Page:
Four held in Turkey over bombing as suicide vests uncovered

Ella Ide
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People carry the coffin of Serdar Ben, a victim of the twin bombings in Ankara, during his funeral in Istanbul on October 15, 2015

People carry the coffin of Serdar Ben, a victim of the twin bombings in Ankara, during his funeral in Istanbul on October 15, 2015 (AFP Photo/Ozan Kose)

Istanbul (AFP) - Prosecutors on Monday held four people suspected in the deadliest bomb attack in Turkey's recent history and said they had discovered a cache of suicide vests, Kalashnikovs and hand grenades, according to state media and officials.

The four, who went before a judge on Sunday night to be remanded in custody, were charged with making "explosive devices with the intention to kill" and "an attempt to disrupt constitutional order", according to the state news agency Anatolia.

The prosecutor in charge of the case issued a warrant for nine others accused of playing a part in the twin suicide bombings in Ankara on October 10 attack in which 102 people were killed.

Turkish authorities have said the Islamic State (IS) jihadist group is the "number one suspect" for the attack.

The blasts targeted a pro-Kurdish and liberal peace rally which had called for an end to hostilities between Turkish security forces and Kurdish rebels.

Police on Sunday arrested some 50 foreign nationals in a sweep targeting suspected IS jihadists with alleged links to the bombings. Turkey is the main point of entry to Syria for IS recruits.

Prosecutors on Monday announced that stashes of weapons and ammunition had been found during searches of homes and vehicles belonging to suspects.

"A Ford Focus car used in the Ankara attack has been found, as well as 11 suicide vests, six Kalashnikovs, 22 hand grenades, 1,683 bullets and hundreds of kilograms (pounds) of explosives," they said in a statement.

Prime Minister Ahmet Davutoglu confirmed Monday that one of the suicide bombers had been officially identified through DNA testing, with prosecutors naming him as Yunus Emre Alagoz.

A young Turk from the southeastern Islamist militant stronghold of Adiyaman, Alagoz was the brother of the man suspected of carrying out a similar attack in Suruc, a southern town on the Syrian border, that killed 34 people in July, most of them Kurdish and leftist activists.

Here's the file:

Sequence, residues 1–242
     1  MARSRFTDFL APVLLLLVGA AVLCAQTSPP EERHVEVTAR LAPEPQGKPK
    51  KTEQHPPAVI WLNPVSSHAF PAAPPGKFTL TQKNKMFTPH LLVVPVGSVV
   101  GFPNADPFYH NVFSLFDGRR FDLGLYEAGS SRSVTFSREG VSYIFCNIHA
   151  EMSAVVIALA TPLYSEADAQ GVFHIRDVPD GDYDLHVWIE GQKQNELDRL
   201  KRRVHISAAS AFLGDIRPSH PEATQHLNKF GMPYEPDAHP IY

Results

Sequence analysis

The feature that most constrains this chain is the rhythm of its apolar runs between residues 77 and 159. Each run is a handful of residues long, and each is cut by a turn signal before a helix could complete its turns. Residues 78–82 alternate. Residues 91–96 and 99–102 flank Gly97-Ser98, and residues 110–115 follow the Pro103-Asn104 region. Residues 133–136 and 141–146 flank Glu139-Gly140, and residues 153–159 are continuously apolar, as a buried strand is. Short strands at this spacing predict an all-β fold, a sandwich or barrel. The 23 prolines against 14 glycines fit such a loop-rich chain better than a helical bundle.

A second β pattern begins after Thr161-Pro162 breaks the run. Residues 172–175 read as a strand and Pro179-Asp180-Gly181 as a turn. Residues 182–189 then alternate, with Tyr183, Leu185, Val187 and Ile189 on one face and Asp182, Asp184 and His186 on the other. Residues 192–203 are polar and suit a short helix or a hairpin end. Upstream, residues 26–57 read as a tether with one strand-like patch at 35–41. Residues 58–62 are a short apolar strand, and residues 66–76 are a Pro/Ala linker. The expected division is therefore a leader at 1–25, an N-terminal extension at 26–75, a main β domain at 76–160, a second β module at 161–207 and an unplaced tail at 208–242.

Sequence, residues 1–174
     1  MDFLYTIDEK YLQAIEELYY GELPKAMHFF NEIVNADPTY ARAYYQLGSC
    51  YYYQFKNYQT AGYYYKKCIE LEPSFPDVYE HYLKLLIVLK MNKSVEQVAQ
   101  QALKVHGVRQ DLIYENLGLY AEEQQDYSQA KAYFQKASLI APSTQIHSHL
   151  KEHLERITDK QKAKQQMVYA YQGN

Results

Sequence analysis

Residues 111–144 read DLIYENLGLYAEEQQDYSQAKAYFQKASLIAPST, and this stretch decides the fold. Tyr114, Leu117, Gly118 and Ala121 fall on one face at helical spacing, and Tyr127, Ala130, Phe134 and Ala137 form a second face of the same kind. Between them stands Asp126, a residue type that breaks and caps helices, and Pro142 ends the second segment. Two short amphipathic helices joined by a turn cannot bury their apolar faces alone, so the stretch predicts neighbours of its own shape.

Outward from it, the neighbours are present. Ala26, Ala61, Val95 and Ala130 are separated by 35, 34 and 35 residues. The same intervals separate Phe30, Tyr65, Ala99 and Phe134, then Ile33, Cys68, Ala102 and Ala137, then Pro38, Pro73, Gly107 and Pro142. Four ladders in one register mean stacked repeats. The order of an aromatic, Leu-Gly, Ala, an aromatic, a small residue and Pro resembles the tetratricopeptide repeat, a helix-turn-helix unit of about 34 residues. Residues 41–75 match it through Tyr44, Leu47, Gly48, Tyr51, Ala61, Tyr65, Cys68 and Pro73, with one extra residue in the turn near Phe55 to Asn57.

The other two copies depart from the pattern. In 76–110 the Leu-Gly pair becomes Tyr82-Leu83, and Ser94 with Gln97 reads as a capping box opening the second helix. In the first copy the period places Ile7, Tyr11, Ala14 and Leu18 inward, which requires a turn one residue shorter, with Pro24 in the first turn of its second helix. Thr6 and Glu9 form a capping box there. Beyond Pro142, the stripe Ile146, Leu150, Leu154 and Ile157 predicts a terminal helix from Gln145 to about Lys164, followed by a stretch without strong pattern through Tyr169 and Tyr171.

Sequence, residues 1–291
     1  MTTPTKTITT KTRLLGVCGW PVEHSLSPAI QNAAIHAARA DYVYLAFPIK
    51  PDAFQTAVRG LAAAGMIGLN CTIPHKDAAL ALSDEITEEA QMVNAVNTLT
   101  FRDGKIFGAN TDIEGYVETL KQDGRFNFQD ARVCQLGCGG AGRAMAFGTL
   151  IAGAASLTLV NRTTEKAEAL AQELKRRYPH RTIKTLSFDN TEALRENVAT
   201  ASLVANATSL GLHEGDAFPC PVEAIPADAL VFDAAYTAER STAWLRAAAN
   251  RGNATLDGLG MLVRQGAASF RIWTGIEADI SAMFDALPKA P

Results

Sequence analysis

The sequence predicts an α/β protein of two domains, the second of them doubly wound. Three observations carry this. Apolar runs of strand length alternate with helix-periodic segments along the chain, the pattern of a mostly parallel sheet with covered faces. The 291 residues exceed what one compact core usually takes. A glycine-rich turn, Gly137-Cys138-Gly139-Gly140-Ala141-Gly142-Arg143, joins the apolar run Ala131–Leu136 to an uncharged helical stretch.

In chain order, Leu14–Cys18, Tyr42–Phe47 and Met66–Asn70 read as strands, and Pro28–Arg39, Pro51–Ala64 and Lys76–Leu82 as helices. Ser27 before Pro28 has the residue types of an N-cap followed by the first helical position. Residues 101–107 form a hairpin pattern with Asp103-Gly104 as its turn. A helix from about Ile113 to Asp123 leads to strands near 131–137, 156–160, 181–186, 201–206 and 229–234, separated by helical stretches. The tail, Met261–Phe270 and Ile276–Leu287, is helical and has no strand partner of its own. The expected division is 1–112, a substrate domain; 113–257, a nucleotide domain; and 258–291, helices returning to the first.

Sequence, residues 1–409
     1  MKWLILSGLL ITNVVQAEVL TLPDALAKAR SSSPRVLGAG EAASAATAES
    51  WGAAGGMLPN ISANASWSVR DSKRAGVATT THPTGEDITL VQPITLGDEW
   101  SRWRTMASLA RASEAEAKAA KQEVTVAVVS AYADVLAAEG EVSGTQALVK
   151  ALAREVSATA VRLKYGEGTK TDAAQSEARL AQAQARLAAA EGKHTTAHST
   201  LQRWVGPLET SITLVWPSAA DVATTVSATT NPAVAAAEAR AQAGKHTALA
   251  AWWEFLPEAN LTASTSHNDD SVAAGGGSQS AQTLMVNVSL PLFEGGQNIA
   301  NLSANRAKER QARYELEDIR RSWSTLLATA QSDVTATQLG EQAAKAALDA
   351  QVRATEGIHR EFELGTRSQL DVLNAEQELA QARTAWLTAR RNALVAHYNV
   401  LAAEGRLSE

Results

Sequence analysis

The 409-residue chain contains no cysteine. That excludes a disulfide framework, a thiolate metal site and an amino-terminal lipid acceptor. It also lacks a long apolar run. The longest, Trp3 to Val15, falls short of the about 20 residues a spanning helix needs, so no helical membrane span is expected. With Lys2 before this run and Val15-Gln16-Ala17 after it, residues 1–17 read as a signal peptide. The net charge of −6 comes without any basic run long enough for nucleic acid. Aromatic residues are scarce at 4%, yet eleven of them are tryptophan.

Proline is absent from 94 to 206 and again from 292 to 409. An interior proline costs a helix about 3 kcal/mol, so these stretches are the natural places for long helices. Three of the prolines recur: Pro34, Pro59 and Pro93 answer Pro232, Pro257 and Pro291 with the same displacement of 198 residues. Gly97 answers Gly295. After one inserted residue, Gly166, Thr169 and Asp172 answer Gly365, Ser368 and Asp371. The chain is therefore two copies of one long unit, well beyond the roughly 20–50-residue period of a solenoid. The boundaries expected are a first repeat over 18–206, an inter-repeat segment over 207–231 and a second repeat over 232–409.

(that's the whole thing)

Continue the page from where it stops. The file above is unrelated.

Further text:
"The other suicide bomber has been identified through photographs and efforts are going on to reveal his full identity," prosecutors added.

- 'Travelled from Syria' -

They said Alagoz, believed to have trained with IS jihadists in Syria, had travelled "from a neighbouring country on our southern borders in order to carry out the attack".

Turkish media had earlier identified the second bomber as Omer Deniz Dundar, who had twice been to Syria.

Davutoglu said the government was exploring ties between attacks on Suruc, Ankara and another bombing in the southeastern city of Diyarbakir.

Five people were killed in Diyarbakir in June after a bomb exploded during a pre-election campaign rally for the pro-Kurdish Peoples' Democratic Party (HDP). One man was arrested for involvement in that attack.

A total of 768 people have been arrested over suspected links to IS since the Suruc attack in July, the prime minister said, pledging to track down those responsible for the latest carnage.

Many of those arrested have since been released.

The four remanded in custody on Sunday were part of a group originally detained due to suspicious posts on Twitter, reports said.

Davutoglu, head of the Islamic-rooted AKP ruling party, said he believed "groups like Daesh, the PKK and DHKP-C... are working hand in hand to harm Turkey and drag it into chaos," referring to IS, the outlawed Kurdistan Workers' Party and the far-left Revolutionary People's Liberation Party-Front.

The Ankara attack has widened a dangerous political divide as Turkey prepares for a snap election on November 1 and as the military wages an offensive against the IS and Kurdish militants.

Selahattin Demirtas, the charismatic HDP chief, is on a collision course with President Recep Tayyip Erdogan, accusing him of presiding over a "mafia state" responsible for the bombings.

Many of those killed in the attack were HDP members, including two of its candidates for parliament.

Pressure has piled on Erdogan, with opposition figures blaming him for security lapses over the Ankara bombing and failing to crack down on IS.